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Black Knights: The Story of the Tuskegee Airmen Hardcover – January 31, 2001

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Editorial Reviews

From Booklist

Between 1941 and 1948, black airmen trained at a segregated facility in Tuskegee, Alabama, in a social experiment that eventually led to the opening of the armed services to black men and women. What became known as the Tuskegee Experience was the culmination of 10 years of struggle by civil rights groups to get the War Department to allow blacks to serve in the military. The hard-fought victory fell substantially short of the real objective--an integrated armed service. Still, the Tuskegee airmen secured a significant place in American and black history for bravery in service on and off the battlefield. Through interviews with Tuskegee airmen and their families, as well as archival research, Homan and Reilly convey the organizational and personal struggles behind the Tuskegee Experience. Homan and Reilly detail the training and war missions of the black airmen, hardships overcome in Europe as well as at home. This is a treasure of photographs and recollections of an important part of American history. Vanessa Bush
Copyright © American Library Association. All rights reserved

About the Author

Authors Lynn M. Homan and Thomas Reilly bring extensive experience in historical research, writing, and creative design to their work. They have written thirteen books together, including Black Knights: The Story of the Tuskegee Airmen and The Tuskegee Airmen Story, both available from Pelican Publishing. Their work has been featured in such publications as the North Carolina Historical Review and in exhibits in several museums.

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Product Details

  • Hardcover: 336 pages
  • Publisher: Pelican Publishing; First Edition edition (January 31, 2001)
  • Language: English
  • ISBN-10: 1565548280
  • ISBN-13: 978-1565548282
  • Product Dimensions: 9.3 x 6.2 x 1.2 inches
  • Shipping Weight: 1.5 pounds (View shipping rates and policies)
  • Average Customer Review: 4.1 out of 5 stars  See all reviews (15 customer reviews)
  • Amazon Best Sellers Rank: #484,516 in Books (See Top 100 in Books)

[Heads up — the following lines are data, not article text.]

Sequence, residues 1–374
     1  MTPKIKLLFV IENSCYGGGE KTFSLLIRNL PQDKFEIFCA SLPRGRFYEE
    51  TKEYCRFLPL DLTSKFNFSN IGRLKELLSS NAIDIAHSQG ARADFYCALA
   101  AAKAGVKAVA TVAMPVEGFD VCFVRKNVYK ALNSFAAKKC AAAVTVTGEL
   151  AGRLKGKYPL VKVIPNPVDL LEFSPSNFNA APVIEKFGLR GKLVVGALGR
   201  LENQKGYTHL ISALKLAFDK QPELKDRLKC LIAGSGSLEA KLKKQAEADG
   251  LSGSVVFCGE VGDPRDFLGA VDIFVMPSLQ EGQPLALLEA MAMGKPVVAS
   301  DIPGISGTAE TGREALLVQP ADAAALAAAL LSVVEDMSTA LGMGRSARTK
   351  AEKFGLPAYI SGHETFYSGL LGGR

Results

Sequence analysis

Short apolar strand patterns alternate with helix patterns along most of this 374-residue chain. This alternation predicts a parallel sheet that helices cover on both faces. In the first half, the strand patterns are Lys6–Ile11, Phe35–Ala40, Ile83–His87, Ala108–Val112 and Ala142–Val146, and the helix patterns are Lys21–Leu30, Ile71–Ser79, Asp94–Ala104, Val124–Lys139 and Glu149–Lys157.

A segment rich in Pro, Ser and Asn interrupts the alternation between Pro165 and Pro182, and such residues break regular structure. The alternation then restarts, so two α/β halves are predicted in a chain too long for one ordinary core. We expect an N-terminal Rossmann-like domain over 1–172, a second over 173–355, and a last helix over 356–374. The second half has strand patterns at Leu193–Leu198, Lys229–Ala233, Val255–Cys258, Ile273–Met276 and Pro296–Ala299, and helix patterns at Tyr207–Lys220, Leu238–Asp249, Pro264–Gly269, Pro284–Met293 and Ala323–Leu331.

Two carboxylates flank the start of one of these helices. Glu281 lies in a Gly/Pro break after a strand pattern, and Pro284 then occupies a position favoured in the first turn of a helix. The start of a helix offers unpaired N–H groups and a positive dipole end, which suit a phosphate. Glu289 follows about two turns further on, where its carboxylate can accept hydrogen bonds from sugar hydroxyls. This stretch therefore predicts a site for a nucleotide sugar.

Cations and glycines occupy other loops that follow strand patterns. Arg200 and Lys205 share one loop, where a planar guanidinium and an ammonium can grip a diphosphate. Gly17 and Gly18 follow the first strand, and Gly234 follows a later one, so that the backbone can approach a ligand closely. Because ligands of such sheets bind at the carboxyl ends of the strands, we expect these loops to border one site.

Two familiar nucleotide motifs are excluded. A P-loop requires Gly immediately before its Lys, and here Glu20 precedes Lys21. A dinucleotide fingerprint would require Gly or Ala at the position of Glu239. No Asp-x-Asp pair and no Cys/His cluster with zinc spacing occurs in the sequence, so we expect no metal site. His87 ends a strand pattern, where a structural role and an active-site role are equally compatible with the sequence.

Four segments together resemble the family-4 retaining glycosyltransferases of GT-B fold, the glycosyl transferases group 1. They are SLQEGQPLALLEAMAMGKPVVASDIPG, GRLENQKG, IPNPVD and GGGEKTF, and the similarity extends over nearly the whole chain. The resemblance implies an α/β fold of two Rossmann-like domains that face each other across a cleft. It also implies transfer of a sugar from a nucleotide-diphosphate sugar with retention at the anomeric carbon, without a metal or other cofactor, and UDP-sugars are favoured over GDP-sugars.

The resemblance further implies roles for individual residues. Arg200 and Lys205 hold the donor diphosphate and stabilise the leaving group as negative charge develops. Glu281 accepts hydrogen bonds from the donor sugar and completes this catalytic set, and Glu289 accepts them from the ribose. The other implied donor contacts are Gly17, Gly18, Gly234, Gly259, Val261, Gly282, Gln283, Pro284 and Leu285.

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Customer Reviews

Most Helpful Customer Reviews

35 of 36 people found the following review helpful By Hiram E. Mann Lieutenant Colonel USAF (Retired) on June 4, 2001
Format: Hardcover
"As an original Tuskegee Airman, I considered myself knowledgeable about the Tuskegee Experience. 'Black Knights: The Story of the Tuskegee Airmen' reminded me of events both sad and enjobable that have been forgotten for more than fifty-five years. Meticulously researched and thoughtfully written, the book also provided a wealth of detailed information with which I was unfamiliar."
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20 of 21 people found the following review helpful By A Customer on March 31, 2002
Format: Hardcover
The middle of the book is a detailed record of significant air battles in which the Tuskegee Airmen were involved. At this point, the reader becomes less compelled to read every sentence of every page as the book makes a transition from being a presentation of the Tuskegee Experience's fight for existence to more of a day-by-day record of many of the missions the airmen flew. Certain phrases become cliché in the telling of each story, and the reader gets somewhat lost in the seemingly endless listings of names and how many kills were becoming associated with each. While the special care taken to preserve detailed historical accuracy is impressive, the book could greatly benefit from including more personal accounts by the airmen themselves. The preface tells of the many interviews that the authors conducted to gather information for their project; the reader is disappointed to find out that virtually none of these interviews are described in detail, let alone even directly quoted. Including detailed firsthand accounts of the pilots' individual experiences would certainly have helped to break the monotony of this part of the book, and unquestionably would have made it more interesting.